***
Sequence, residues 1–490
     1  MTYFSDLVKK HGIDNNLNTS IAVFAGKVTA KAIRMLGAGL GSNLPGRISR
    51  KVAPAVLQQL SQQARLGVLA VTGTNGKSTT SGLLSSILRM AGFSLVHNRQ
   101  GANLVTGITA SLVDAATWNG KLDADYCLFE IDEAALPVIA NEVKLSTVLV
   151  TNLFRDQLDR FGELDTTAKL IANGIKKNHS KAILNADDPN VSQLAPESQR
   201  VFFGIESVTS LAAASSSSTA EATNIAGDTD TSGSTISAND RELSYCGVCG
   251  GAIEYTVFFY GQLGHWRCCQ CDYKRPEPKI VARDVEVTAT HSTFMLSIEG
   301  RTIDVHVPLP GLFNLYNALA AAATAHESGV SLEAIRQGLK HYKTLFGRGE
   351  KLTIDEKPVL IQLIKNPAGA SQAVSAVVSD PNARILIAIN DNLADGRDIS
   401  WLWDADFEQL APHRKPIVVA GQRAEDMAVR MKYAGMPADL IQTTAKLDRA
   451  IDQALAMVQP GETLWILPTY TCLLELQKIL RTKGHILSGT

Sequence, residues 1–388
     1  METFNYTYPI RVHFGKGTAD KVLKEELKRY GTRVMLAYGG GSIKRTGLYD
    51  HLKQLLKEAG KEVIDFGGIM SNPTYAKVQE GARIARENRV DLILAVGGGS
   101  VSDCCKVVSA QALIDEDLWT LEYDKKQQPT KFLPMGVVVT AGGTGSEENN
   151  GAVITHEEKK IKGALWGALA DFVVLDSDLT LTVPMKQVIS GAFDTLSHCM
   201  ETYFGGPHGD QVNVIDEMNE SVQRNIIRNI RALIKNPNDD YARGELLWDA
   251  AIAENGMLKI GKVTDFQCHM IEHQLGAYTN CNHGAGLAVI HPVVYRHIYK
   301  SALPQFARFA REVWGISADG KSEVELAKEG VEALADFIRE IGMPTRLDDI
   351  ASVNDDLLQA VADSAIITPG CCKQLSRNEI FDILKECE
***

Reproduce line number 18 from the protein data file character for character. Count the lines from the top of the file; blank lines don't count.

   251  AIAENGMLKI GKVTDFQCHM IEHQLGAYTN CNHGAGLAVI HPVVYRHIYK